Every year in the NFL, a bunch of great players fall off a cliff. These nosedives can be attributed to the aging process, injuries, personnel changes or simple bad luck. Here’s our pathetic attempt to predict who might fall off the face of the superstar planet in 2011:

1. Peyton Manning, Indianapolis Colts

Tomlinson’s take: When and if he plays, it could be like watching the Michelin man take snaps. As long the offense is drawn up so that his receivers are directly in front of him and minimal neck movement is required, Manning should be just fine.

Gagnon’s take: And if he doesn’t play, the Colts will suck. Either way, our expectations are very low.

2. Eli Manning, New York Giants

Tomlinson’s take: From a fantasy standpoint Peyton’s little brother should still post serviceable numbers. But in the world of reality where winning games is all that matters, watching the Giants’ offense could be on par with being conscious during an appendectomy.

Gagnon’s take: That was really random, Sean. Too many losses on both sides of the ball in New York. Eli will have another tough year.

3. James Harrison, Pittsburgh Steelers

Gagnon’s take: The 2008 defensive player of the year is 33 years old and out of shape after undergoing dual back surgeries in the offseason. His time at the top was short and sweet, and it’s over.

Tomlinson’s take: In addition to Father Time beginning to be a jerk, life will continue to be tough as a highly physical and borderline hostile player adjusts to a league that’s increasingly discouraging barbaric behavior.

4. Jared Allen, Minnesota Vikings

Gagnon’s take: Allen’s only 29, but you have to wonder if he’s fading from his prime as the Vikings’ defense (and Allen’s support system) gets older. It won’t help that his top complement, Ray Edwards, left as a free agent.

Tomlinson’s take: Whether it’s led by McNabb or later rookie Christian Ponder, the Vikings offense’ could put the defense in low leverage situations, possibly making Allen’s prime sack opportunities scarce.

5. Frank Gore, San Francisco 49ers

Gagnon’s take: The 28-year-old has the knees of a 68-year-old. It couldn’t be more obvious that the injury-prone Gore is about to hit a wall.

Tomlinson’s take: Age and brittleness are a lethal combination. Gore has played in a full 16-game season just once in his career, missing nine games over the last three years.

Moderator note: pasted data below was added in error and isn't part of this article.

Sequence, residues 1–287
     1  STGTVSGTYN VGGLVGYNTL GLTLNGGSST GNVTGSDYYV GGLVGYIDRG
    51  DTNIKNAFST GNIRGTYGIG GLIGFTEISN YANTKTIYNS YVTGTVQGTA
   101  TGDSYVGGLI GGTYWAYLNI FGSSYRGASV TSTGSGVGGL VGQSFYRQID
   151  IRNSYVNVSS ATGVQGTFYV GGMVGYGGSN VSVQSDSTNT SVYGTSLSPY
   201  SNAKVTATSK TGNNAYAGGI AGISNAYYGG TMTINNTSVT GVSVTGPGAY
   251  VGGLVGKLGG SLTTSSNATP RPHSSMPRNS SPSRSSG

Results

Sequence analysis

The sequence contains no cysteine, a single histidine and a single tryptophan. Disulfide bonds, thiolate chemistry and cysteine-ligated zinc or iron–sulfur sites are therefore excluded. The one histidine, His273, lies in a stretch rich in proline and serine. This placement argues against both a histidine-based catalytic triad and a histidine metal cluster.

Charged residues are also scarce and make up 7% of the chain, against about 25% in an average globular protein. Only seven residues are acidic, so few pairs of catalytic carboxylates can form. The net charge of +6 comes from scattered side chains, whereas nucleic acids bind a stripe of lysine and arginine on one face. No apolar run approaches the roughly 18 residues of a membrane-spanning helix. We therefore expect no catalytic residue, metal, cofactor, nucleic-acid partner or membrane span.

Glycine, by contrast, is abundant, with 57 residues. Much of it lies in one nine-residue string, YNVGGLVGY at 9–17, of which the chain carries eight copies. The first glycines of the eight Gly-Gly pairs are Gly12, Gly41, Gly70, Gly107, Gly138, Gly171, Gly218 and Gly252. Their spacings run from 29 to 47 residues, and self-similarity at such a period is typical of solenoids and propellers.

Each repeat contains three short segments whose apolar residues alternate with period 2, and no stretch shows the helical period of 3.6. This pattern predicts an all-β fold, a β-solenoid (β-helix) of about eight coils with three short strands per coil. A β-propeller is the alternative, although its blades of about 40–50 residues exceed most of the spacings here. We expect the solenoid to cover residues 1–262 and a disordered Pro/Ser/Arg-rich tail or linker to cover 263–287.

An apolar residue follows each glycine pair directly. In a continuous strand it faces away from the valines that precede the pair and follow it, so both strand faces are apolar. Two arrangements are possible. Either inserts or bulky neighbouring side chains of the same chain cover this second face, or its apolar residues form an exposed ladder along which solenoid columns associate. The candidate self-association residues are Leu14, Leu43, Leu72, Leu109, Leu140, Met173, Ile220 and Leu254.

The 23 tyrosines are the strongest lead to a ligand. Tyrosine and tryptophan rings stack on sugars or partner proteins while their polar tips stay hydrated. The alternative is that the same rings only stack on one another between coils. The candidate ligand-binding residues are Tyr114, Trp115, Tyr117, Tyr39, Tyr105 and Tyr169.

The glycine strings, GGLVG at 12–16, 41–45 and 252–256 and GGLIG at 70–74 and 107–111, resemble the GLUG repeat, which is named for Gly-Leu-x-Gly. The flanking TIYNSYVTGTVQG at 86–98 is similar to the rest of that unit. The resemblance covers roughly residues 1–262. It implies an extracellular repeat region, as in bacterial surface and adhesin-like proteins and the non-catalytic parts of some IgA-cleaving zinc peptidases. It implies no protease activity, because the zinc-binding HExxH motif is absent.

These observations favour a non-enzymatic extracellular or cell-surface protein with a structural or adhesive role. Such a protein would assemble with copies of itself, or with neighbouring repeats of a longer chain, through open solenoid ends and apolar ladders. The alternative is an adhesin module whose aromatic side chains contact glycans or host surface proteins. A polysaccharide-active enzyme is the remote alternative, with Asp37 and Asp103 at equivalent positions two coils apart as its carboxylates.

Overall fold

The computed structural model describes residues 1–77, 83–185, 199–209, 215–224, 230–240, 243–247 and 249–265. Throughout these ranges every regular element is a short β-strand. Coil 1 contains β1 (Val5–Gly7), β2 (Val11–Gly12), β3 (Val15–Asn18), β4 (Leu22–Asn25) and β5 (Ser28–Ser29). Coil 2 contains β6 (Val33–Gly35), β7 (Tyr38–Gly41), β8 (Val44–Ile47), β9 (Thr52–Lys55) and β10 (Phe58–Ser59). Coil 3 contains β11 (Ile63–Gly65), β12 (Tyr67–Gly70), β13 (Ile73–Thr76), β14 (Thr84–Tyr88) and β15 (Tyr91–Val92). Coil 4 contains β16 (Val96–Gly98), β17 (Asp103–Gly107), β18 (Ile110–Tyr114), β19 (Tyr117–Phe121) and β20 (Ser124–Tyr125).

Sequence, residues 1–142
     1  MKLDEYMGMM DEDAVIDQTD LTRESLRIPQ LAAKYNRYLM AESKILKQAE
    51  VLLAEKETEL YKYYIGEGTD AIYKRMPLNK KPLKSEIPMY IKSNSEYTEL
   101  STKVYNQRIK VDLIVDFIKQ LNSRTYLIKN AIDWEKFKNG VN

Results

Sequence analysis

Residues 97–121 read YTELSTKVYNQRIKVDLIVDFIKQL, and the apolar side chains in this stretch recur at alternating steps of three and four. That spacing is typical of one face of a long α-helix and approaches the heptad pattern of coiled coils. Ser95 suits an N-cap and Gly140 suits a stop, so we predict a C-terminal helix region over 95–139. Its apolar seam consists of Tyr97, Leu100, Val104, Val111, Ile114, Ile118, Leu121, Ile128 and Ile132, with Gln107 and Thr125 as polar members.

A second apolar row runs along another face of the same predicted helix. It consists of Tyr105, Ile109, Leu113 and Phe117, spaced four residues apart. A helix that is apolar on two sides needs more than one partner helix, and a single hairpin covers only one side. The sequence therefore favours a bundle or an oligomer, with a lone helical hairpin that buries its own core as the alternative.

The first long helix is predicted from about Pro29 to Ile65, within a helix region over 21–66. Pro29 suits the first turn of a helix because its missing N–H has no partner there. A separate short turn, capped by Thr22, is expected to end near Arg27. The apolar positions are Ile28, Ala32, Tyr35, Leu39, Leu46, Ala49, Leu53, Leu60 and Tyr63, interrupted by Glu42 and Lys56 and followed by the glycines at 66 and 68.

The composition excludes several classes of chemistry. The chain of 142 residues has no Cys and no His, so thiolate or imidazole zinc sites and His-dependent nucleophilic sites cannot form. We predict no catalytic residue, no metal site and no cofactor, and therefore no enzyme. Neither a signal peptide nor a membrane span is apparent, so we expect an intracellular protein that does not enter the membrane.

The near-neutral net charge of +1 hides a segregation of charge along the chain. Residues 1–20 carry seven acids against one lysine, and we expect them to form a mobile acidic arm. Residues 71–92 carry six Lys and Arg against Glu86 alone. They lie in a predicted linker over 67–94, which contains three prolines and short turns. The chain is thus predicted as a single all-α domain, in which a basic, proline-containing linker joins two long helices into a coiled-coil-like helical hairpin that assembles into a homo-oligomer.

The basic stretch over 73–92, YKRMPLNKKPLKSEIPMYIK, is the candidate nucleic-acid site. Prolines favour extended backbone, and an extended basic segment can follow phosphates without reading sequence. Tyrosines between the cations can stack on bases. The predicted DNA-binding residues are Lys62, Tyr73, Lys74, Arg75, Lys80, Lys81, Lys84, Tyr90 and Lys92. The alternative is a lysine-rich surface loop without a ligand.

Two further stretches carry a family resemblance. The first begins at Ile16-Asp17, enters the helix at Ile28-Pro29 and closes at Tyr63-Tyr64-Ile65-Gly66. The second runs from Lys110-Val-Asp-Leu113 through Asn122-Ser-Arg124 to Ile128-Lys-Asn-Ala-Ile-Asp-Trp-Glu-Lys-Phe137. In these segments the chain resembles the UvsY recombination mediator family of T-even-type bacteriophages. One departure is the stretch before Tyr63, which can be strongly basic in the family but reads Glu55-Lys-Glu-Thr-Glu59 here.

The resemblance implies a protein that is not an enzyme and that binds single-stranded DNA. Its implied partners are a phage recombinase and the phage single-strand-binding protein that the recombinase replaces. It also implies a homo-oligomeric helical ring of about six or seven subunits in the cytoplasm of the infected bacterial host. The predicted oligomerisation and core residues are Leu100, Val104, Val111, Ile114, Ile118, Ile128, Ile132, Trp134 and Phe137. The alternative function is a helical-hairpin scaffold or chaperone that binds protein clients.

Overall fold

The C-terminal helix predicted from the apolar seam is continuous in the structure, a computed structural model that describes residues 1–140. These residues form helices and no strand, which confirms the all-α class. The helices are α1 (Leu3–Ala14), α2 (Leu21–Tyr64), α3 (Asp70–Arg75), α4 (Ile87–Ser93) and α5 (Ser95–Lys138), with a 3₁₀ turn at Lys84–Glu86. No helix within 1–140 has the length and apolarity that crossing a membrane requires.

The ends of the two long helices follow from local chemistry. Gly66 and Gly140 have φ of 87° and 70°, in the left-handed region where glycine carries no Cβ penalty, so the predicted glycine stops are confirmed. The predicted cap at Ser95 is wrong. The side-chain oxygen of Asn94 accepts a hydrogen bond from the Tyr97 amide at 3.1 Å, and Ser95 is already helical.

6. Reggie Wayne, Indianapolis Colts

Tomlinson’s take: I like Kerry Collins as a hopefully temporary Manning replacement, but I’d like him a lot more if it was 2002, 2005, or even 2008.

Gagnon’s take: Notwithstanding the Manning situation, Wayne isn’t a spring chicken either. He’ll turn 33 this season — maybe the decline would start regardless.

7. DeAngelo Williams, Carolina Panthers

Gagnon’s take: We haven’t been shy to criticize Williams and his monster contract. Jonathan Stewart and Mike Goodson might be better options in a bad offense. It’s hard to envision the 28-year-old Williams coming close to 16 starts in 2011.

Tomlinson’s take: Seeking to match Gore’s glass imitation, Williams has missed 13 games over the past two seasons. His feeble ways will only increase when he’s asked to shoulder a larger load while the Panthers’ backfield supports rookie quarterback Cam Newton.

8. Jason Babin, Philadelphia Eagles

Gagnon’s take: He was in the right place at the right time when he registered 12.5 sacks in 2010. In 2011, he joins a Philly defense that has several better pass-rushing options. And even if he does get plenty of opportunities to rush the quarterback, it’s possible his 2010 campaign was an anomaly.

Tomlinson’s take: Opposing offenses may quickly learn to exploit a weak linebacker corps after the departure of Stewart Bradley, which is the only glaring weak area for the Philadelphia defense on paper. Faced with a barrage of runs and screens to keep him honest, Babin’s sack numbers could take a sharp decline.

9. Steven Jackson, St. Louis Rams

Gagnon’s take: Here’s yet another 28-year-old running back who is about to fall off the cliff. He started the stumble toward the edge last year with an abysmal 3.8 yards per carry.

Tomlinson’s take: The motivation to bring in Cadillac Williams is clear, and he’ll quickly form a platoon with Jackson. Jerious Norwood’s explosive speed will also be utilized on screens and pass routes out of the backfield, providing the Rams with another insurance option against Jackson’s age.

10. Percy Harvin, Minnesota Vikings

Tomlinson’s take: I throw a better spiral than Donovan McNabb, and in high school I was once sacked for a safety, only to get up and learn I was on an entirely different field than where the game originally started.

Gagnon’s take: And you weren’t even the quarterback…

11. Brandon Lloyd, Denver Broncos

Gagnon’s take: He might not be considered elite by most observers, but his numbers were elite in 2010. Was that a fluke? While it’s promising that Kyle Orton will continue to throw him passes, I think Lloyd’s stats will decrease considerably this year. John Fox will want to run the ball a lot more, just as he did in Carolina.

Tomlinson’s take: Demaryius Thomas, the Broncos’ first-round pick in 2009, will return early in the season after he tore his Achilles tendon during a workout in February. He had 22 catches for 283 yards–including a 97-yard performance in Week 2–while playing in just 10 games last year, and he’ll be ready to steal looks from Lloyd.